When I learned of the shooting in Tucson that killed a judge and wounded a Democratic congresswoman, I felt sick, but I also worried that the gunman would turn out to have some tie to the political right. If he did, the left would certainly exploit the connection, however tenuous, to smear the right. The establishment media would surely go along — indeed, they’ve gone along with that narrative even in absence of any violence.
As it turns out, Jared Loughner seems to be a garden variety wacko. But that didn’t stop Paul Krugman from running out the narrative anyway. Let’s fisk it, shall we:
A Democratic Congresswoman has been shot in the head; another dozen were also shot.
We don’t have proof yet that this was political, but the odds are that it was.
The odds? He’s talking probability here? I guess it makes sense in a certain twisted way. According to Bayes’s theorem, if don’t collect any data, your best prediction is simply your “prior distribution” (i.e., your initial prejudice). That does seem to be what he’s doing.
She’s been the target of violence before. And for those wondering why a Blue Dog Democrat, the kind Republicans might be able to work with, might be a target, the answer is that she’s a Democrat who survived what was otherwise a GOP sweep in Arizona, precisely because the Republicans nominated a Tea Party activist. (Her father says that “the whole Tea Party” was her enemy.) And yes, she was on Sarah Palin’s infamous “crosshairs” list.
This isn’t even guilt-by-association, it’s guilt-by-non-association. Mr. Krugman, you are a disgrace. And as far as the “crosshairs” map goes, Verum Serum notes that the Democrats liked crosshair maps too, but theirs never seemed to spark any outrage from Mr. Krugman.
Just yesterday, Ezra Klein remarked that opposition to health reform was getting scary. Actually, it’s been scary for quite a while, in a way that already reminded many of us of the climate that preceded the Oklahoma City bombing.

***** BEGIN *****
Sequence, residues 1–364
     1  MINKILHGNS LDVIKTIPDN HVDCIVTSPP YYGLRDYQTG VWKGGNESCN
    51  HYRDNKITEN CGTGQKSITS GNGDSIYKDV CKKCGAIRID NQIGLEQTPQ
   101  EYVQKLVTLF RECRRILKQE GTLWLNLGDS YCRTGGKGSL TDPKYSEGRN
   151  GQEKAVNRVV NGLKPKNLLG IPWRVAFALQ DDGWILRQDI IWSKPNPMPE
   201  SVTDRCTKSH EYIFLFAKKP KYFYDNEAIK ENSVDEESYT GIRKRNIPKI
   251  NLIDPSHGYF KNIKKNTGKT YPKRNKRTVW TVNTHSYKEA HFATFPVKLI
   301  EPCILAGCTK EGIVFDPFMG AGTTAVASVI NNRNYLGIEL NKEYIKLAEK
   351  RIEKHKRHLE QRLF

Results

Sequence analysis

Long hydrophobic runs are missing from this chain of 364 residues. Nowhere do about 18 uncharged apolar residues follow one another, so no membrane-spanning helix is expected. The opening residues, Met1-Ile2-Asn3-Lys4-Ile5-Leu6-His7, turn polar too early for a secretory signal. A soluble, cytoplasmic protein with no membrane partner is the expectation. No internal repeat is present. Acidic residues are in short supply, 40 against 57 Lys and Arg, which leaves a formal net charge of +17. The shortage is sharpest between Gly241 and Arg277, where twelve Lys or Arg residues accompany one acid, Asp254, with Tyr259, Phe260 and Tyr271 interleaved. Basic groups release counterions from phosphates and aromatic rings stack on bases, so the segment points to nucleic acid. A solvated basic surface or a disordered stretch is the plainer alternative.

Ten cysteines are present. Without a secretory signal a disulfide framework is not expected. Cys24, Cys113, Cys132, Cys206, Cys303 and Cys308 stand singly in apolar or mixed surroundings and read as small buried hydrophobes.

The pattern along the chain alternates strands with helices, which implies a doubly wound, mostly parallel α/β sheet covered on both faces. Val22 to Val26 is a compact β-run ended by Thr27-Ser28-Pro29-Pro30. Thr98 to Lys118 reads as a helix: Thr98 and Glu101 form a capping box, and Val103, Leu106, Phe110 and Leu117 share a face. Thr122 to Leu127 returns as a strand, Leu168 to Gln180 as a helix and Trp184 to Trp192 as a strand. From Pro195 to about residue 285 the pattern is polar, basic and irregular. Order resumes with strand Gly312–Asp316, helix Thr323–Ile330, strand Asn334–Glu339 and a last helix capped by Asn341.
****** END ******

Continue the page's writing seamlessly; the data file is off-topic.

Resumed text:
You know that Republicans will yell about the evils of partisanship whenever anyone tries to make a connection between the rhetoric of Beck, Limbaugh, etc. and the violence I fear we’re going to see in the months and years ahead. But violent acts are what happen when you create a climate of hate. And it’s long past time for the GOP’s leaders to take a stand against the hate-mongers.
Yeah, just as Paul Krugman stood up against the violent language and violent acts of the left.
Update: I see that Sarah Palin has called the shooting “tragic”. OK, a bit of history: right-wingers went wild over anyone who called 9/11 a tragedy, insisting that it wasn’t a tragedy, it was an atrocity.
I was bothered when people called 9/11 a tragedy, since it was an atrocity, although I wouldn’t say I went wild over it. I didn’t know that I was joined by so many. However, a google search fails to reveal that Palin ever did, so as a line of attack against Palin this is entirely unfair.
Update: I’m going to take down comments on this one; they would need a lot of moderating, because the crazies are coming out in force, and it’s all too likely to turn into a flame war.
A nice touch, but it’s a little late to play the wise old man now, Mr. Krugman.
Glenn Reynolds sums it up well: